TRENTON, N.J. -- The New Jersey Catholic Conference, representing the state's Roman Catholic dioceses, issued a statement this week that calls for appointing "pastoral ministers" to help AIDS patients and stipulates that students with AIDS shall not be barred from Catholic schools.
The policy statement also forbids discrimination against AIDS patients who work for the church and says that no one having the disease should be turned away from a Catholic social service agency.
"We believe it is critical that all Catholics become educated about the nature of this disease so that they may treat persons with AIDS and their families with sensitivity, understanding and compassion," said William F. Bolan Jr., the New Jersey conference's executive director.
Bolan said that the statement, a year in preparation, had its roots in a review of the question of whether students with AIDS should be allowed to attend Catholic schools. The document was broadened by the conference into a look at overall policy concerning the debilitating disease. He said each of the state's bishops supports the directive.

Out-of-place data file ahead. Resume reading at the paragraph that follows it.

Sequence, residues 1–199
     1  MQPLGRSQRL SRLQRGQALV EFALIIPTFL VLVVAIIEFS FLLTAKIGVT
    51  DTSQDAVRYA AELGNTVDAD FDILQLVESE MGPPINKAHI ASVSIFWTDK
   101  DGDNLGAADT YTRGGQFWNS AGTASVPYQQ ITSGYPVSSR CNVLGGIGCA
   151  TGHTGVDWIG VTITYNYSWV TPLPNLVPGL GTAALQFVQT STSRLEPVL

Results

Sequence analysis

"They're all in agreement on this, and they're all implementing this in their dioceses," he said.
The Rev. Thomas G. Gallagher, secretary for education with the U.S. Catholic Conference, said that about 25 of the nation's 180 dioceses had issued policy statements on acquired immune deficiency syndrome, all calling for "compassion, care and concern."
Gallagher said New Jersey and California were the only state conferences so far to issue statements.
The policy that students with the disease cannot be kept out of Catholic schools mirrors a rule in effect in New Jersey's public schools.
The statement also said that Catholics who die of AIDS are entitled to last rites and the burial mass.